Good quality housing can support healthy ageing and we as an organisation want to support this as much as we can.
The government has set up an Older People’s Housing Taskforce, which recently called for evidence for organisations to contribute insight and advice on what its priorities should be. We coordinated our response with the G15 by interviewing colleagues from general needs and care and support.
We want to share a snapshot of the responses we received:
Affordability: While financial support for older residents living in cold homes has helped, they have been hit by the cost-of-living, with some needing to use food banks or cut back on essentials.
Downsizing: Residents who are connected to their home, possessions, furniture and community do not see downsizing as an attractive option. The impetus for a move to specialist older people’s housing often comes from a relative who is concerned about their well-being, but is not always accepted as the right thing by the person themselves.
Adaptations: Moving to a new home can be confusing and unsettling for residents, and in some cases their health can deteriorate, or they cannot adjust. Adaptations allow residents to stay in their home and live independently, but there are many barriers to fitting adaptations. These include waiting times for occupational therapist referrals, the challenges that Victorian properties pose, and delays in receiving planning permission.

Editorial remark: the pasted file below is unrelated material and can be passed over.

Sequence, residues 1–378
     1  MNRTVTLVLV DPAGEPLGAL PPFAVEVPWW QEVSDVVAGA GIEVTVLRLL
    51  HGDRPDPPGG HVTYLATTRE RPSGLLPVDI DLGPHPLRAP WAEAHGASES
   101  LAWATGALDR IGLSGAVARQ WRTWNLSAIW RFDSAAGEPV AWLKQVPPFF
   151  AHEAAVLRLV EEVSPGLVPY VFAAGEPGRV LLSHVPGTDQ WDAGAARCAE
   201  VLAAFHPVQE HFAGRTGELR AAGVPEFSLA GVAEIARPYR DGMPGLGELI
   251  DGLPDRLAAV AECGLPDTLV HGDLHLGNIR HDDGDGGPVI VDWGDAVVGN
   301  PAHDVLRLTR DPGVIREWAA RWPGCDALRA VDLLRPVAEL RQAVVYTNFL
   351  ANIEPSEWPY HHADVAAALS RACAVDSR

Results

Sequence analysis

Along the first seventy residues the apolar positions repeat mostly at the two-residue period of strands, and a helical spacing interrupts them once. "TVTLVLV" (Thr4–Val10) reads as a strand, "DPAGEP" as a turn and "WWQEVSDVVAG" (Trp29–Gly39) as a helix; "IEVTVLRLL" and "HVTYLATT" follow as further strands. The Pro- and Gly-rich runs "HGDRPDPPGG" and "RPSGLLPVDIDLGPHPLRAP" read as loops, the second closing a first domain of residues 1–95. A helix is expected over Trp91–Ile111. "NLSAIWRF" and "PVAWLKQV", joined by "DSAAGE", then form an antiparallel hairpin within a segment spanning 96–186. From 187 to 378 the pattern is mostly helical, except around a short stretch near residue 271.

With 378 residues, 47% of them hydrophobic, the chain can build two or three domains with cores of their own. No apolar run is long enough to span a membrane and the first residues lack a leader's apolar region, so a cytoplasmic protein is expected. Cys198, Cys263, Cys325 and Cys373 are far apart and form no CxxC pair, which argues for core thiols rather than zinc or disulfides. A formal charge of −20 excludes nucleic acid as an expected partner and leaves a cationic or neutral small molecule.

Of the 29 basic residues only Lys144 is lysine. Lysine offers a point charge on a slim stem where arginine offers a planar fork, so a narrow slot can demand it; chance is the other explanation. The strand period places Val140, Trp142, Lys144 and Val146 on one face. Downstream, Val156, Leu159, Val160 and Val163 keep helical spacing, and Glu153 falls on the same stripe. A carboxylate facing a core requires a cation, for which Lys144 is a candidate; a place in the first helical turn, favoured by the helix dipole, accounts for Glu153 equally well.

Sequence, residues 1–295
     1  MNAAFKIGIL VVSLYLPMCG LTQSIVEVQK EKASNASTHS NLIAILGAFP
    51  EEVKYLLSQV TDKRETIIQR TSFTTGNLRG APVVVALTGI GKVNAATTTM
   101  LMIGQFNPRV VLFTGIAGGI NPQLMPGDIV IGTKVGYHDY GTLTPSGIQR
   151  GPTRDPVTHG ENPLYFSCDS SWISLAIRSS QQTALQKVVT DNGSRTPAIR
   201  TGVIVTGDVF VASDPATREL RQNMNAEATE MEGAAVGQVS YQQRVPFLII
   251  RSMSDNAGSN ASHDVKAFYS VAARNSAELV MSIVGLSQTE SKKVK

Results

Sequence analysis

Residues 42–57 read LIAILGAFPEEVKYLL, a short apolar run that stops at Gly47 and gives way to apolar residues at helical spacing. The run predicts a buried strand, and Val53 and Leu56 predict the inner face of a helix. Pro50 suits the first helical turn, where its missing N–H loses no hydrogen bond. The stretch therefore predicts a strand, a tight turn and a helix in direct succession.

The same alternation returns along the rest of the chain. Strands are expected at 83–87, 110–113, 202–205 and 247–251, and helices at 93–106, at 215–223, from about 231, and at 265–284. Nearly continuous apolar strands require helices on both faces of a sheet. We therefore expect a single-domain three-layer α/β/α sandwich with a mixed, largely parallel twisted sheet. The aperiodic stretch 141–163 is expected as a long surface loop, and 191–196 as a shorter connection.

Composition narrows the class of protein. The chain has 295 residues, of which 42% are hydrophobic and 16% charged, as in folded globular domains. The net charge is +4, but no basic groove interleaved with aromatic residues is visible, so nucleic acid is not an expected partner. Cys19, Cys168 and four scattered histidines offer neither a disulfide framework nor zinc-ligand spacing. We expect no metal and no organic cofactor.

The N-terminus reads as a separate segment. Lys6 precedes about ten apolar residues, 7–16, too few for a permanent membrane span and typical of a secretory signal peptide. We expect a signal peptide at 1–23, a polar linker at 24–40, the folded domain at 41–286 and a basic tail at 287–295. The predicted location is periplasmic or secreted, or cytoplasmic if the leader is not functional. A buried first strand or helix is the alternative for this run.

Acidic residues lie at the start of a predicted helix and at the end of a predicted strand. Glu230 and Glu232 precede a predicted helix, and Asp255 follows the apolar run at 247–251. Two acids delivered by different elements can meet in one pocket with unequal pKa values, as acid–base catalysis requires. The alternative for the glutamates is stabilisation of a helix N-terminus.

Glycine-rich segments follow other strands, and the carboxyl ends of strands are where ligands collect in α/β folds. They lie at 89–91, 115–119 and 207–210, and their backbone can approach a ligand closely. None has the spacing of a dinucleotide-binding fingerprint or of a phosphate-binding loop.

Smart technology: There is an array of smart technology that can greatly improve independent living: telecare, sensors inside and outside the property, Alexa, smart ovens, and more. At the same time, some residents are put off by smart technology being pre-installed in a property as it makes them feel ‘monitored’. The use of smart technology by families has also led to safeguarding concerns.
Design: Older people’s housing should feel welcoming and homely. Lounges should have no walls, so residents feel comfortable walking into the space. Colour coded doors can look smart while also supporting residents with dementia to safely find their door. New designs should factor in space for mobility scooters.
Location: The location of schemes can help combat loneliness, for example if they are near a high street or park. They can also have benefits for the wider community. For example, schemes located near schools will see lower levels of anti-social behaviour as children grow up living next to, and respecting, their older neighbours.
Diverse needs: Language barriers and moving away from their community and families can put some residents off moving to a scheme even if they recognise it as being more suitable to their needs. Some older residents have spoken about being regarded as ‘elderly’ when they retire and being around people of a similar age can help them re-establish their identity.
We’re continuing to work with the government to make sure older people are given the best care to suit their needs.